'Iron Lady' May shows her mettle as she seeks Brexit mandate with election U-turn
One of the criticisms routinely levelled at women in senior leadership roles is that they are not decisive - or at least not as decisive as our male counterparts.
That's one charge that can't now be levelled against British Prime Minister Theresa May who stunned the world yesterday morning when she called a surprise snap election.
The former home secretary caught her critics and the markets off guard when a press conference was called for 11.15am. The rumour mill offered all manner of reasons for the sudden hot take outside Downing Street, including unfounded speculation that she was about to retire on health grounds.
Instead Mrs May, who saw off all manner of ditherers and flappers on her uncontested path to leadership of the Tory party - think Boris Johnson for one - strode outside Number 10 some 10 minutes early with the confidence of a punter who had placed a bet they already won.
If the gamble does pay off and there's every chance it will, Mrs May may yet steal the 'Iron Lady' crown from her late predecessor Margaret Thatcher.
Since taking office last year in the aftermath of Brexit, Mrs May repeatedly pledged that there would be no early election, insisting that Britain needed stability.
Her subsequent U-turn yesterday was almost Trumpesque in style. But unlike many of the U-turns perpetrated by US President Donald Trump, there is substance to Mrs May's sudden change of heart.
Mandate is the main one.
Brexit has divided the UK.
For all of the emporial rhetoric and sovereignty set-tos, the decision to leave the European Union has rocked the United Kingdom. To broker the hard yards of Brexit and secure the best deal for her country, Mrs May needs to quell dissent within her own party and ensure there are no questions hanging over her premiership when negotiating key positions.
Winning her own general election will help square this circle.
It's the opposition too. Since the 2015 election, when former Tory party leader David Cameron won a fairly slim majority in the House of Commons, the Labour Party led by Jeremy Corbyn has collapsed in the polls, if not in all but name.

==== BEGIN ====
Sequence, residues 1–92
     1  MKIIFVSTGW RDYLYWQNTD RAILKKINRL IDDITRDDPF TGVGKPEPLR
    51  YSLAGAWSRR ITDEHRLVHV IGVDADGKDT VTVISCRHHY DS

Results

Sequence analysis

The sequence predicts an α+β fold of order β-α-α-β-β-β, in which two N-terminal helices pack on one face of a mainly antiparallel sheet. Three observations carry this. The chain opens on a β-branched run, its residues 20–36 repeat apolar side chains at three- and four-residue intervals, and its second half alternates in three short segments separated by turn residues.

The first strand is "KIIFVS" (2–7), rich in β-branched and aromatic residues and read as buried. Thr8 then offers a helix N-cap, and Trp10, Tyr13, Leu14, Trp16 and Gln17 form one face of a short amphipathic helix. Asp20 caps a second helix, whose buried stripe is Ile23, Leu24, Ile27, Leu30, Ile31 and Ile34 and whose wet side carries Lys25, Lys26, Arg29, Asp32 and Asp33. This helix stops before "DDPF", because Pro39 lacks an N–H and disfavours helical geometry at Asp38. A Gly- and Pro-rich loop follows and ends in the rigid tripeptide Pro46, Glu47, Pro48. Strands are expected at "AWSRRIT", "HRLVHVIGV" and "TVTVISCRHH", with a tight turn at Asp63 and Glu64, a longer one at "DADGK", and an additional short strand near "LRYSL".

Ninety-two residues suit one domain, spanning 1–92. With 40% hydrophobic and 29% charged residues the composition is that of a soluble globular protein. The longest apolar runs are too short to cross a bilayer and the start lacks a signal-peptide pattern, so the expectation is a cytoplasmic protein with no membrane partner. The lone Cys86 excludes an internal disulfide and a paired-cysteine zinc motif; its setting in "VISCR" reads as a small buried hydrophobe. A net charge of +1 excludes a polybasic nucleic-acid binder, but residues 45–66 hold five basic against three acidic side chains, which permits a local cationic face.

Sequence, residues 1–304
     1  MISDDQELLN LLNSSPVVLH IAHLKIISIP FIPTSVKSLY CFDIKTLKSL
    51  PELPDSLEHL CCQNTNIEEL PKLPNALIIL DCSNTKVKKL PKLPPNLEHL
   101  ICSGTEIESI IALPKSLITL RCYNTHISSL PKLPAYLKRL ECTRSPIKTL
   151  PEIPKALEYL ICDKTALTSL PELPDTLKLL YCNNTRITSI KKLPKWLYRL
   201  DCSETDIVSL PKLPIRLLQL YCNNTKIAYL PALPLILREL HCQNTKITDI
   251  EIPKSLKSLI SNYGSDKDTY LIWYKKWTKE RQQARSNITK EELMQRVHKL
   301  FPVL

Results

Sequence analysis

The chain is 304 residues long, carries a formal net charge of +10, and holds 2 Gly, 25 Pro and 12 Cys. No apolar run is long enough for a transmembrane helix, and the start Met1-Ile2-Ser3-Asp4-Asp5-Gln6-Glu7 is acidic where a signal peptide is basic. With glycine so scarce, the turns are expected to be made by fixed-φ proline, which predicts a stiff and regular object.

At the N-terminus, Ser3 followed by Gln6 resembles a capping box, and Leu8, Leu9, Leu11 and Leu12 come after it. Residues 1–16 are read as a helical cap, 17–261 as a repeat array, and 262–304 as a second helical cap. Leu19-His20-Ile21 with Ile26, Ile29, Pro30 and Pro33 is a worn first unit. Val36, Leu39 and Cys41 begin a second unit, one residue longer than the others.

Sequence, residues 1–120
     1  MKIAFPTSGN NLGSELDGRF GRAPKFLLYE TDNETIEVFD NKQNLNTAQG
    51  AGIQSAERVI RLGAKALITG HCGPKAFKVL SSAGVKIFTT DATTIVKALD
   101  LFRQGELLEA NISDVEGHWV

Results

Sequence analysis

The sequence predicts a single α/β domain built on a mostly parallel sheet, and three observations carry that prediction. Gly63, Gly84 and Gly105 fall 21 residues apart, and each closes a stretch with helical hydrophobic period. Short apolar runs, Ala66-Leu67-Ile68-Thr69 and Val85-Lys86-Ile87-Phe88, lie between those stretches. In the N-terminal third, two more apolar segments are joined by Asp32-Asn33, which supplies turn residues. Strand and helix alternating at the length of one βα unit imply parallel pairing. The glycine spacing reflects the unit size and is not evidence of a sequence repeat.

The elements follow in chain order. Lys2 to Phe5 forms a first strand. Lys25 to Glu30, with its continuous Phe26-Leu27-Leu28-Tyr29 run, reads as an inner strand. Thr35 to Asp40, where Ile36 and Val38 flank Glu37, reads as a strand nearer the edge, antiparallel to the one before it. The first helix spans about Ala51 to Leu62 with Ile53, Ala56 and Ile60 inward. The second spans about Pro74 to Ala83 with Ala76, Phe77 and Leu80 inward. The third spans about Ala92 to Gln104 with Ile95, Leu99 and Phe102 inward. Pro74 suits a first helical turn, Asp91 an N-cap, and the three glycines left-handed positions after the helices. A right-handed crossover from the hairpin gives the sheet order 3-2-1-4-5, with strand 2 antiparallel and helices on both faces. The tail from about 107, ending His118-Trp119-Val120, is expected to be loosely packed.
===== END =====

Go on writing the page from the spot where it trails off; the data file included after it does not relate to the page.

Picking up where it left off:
Only a fool would place their faith in polls, but several polls over the last week have put the lead at over 20 percentage points. May is right to sense that now may be the best time to exploit Labour's all-too-obvious weaknesses and deliver what in all likelihood will be a stomping majority for the Tories.
The economy is also a factor.
Yesterday Mrs May cited economic strength as a sign of her government's success. "Despite predictions of immediate financial and economic danger, since the referendum we have seen consumer confidence remain high, record numbers of jobs, and economic growth that has exceeded all expectations," she said.
However, Brexit is beginning to bite, with inflation starting to take its toll in the UK. Prices have increased by 2.3pc in the past year and the weak pound has pushed up import costs for many UK businesses.
The proposed 'Barista Visa' to allow young Europeans work in Britain's hospitality, retail and other similar industries, exposed the futility of aspects of the Brexiteers' histrionic stance towards immigrants on whom it relies heavily to provide vital public services such as health. And there was a comical air to much of the British media's incandescence that the European Banking Authority and the European Medicines Agency - core European regulatory bodies - would no longer be situated in London. There is the prospect of a new Scottish referendum, although whether a successful snap election would neutralise or embolden Nicola Sturgeon and her supporters to push for a new Indyref is not entirely clear.
Wales got an honourable mention. But Northern Ireland didn't get a look in, compounding Westminster's contempt towards its troubled rump across the Irish Sea. It's distressing to see how low a priority Northern Ireland is, given the potential impact of Brexit on Northern Ireland's vulnerable economy and still fragile peace process.
But is there hope on the horizon? Could a landslide victory for Mrs May lay the groundwork for a softer Brexit? Could a prime minister with a general election-backed mandate strengthen her own hand to stand down extreme eurosceptics?
Much will depend on the other variables at play, and with Europe's three largest economies - Britain, France and Germany - going to the polls, Europe feels an ever more vulnerable union.
But one thing is for certain, this lady is not afraid to turn.